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AUCTION SALES. [Newspaper Article] — Gippsland Mercury — 10 April 1914
AUCTION SALES. Messrs. Theo B. . Little and Co. de sire to draw special attention to the Loni.gford sheep and cattle sale on Friday next. 17th inst. .Iessrs. Ilathieson and Davis hold their -leeylield sale of store cattle on Wednesday t next. Messrs. A. \I' Lean and Co. hold a grealt ct.lea lnlg sale at ('lvdebank on Arile , fo Mr. . MItchell, sen. On lrida . April 7, the hold) animpor ant -l n sale for Mr. R. Lees, at liit, 's old homescead, Loy Yang. The hody at Artlhutr Turnler, a. sta tion hand who left Bode's Camp, lAr shire )owns t'.), on 29th March, has heen found yV the Wtintonl police and a search ipo 'ty1t a spot two miles from ,the catP.) It was apparent that de teased. whit was at single man, aged :14. oand a native of Ne South Wales, died froma exposure and exhaustion,
THE JUMBUNNA COAL MINE. [Newspaper Article] — Gippsland Mercury — 10 April 1914
T1IE J L tHUZ'ZNA LI" L MIi\1:. ALa gecneral InuCtinkg u sharTihUli crs of tIe Juiiibunlt niu 15 l Mine, MI .. lodtrey, ex- M.I..C'., attacked the di rectors as causing strikes alln i dra\\ - ing too mnuchi Inance}. li suggested the retirement of Alr. J. A. iovd., Mt.P., and Mr. K. L. riur ax, .\ Halway Cotnizneeioner, iron thea dirt-c tori te.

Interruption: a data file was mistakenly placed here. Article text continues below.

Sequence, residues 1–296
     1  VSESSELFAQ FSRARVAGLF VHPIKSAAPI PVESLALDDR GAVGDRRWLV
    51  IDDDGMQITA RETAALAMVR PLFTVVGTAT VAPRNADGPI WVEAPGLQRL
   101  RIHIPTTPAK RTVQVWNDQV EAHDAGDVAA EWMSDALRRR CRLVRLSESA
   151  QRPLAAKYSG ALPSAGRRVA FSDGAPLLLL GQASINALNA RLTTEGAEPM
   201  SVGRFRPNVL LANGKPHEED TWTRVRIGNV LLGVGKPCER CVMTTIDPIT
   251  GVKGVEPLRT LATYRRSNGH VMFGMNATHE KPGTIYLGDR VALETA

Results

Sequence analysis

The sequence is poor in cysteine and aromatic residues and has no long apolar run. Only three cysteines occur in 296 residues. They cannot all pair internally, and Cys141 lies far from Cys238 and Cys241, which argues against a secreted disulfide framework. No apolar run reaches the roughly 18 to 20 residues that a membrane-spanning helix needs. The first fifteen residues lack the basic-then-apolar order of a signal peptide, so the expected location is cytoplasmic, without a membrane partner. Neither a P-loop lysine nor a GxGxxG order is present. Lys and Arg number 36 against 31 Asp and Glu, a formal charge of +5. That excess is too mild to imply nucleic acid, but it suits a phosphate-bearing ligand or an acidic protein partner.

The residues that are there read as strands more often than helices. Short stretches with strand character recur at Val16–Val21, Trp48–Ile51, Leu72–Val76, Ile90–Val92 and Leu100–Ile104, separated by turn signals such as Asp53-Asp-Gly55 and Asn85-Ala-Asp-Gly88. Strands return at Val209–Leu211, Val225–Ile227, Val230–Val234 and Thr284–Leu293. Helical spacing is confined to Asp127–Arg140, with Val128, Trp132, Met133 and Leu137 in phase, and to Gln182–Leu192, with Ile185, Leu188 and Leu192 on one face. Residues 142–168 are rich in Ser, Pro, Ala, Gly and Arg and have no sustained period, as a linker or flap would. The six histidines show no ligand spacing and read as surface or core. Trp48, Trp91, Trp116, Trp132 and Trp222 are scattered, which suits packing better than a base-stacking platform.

MELBOURNE PIG MARKET. [Newspaper Article] — Gippsland Mercury — 10 April 1914
M?ELkUcOURHNE 1,; l A.\ili LHET. :Messrs. Adamsonll, .trettle andi tuo. report:-16t5 yarded. tores \were inl uxoderate supply, and lthe market tirmn at last week' qulotations. Porkers - In small supply, and the markct very finrm prine nHavy 40' to 4to , a tI\ pens of extra chlloice to .lt , rlite light 53/ to 38/. Baconers.---A snaller num ber 'arded, but the mtarKet was easier, esl)ecially for light p'cgs, and those not prime enough; primne nel y 67 to 7;., a few extra choice to 7.. prin-e n? dium 6it/ to 65/, primie lihgnt to S,', half fat front 4b/.
THE REVENGE AGENT. [Newspaper Article] — Gippsland Mercury — 10 April 1914
THE REVENGE AGENT. By C. D. Coppinger , in "London Opinion." 1 Kenneth Seafortl was sitting de ondently in an armchair when his t ca.n entered the well-appointed room. 'A gentleman to see you, sir," he r slid. •Didn't I tell you I was not at home y anyone?" asked Kenneth irritably. i'ho is it?" "I amt not aware," said the servant, t "of 'is hidentity. 'E declined to hac- I uaint me with 'is name, remarking g that 'e preferred to deal direct with I yo0u sir. 'E concluded by hemphasis- v ; , that 'is business was hinportant, ' .I precise words bein' that it was of f vital consequence." r .Oh, tell himn to go to the deuce," a said Kennethl. r 'Very good, sir, said the man, mov ing to the door. t "No, wait." said Kenneth. changing s his mind; "show hit in. Curtis, I n ay" as well see what he wants." a Curtis went out, and returned in t I fewi moments followed by a little a sbarp-featured man with quick brown a eyes, immaculately dressed and sport- d ga large buttonhole. t ."Mr. Kenneth ...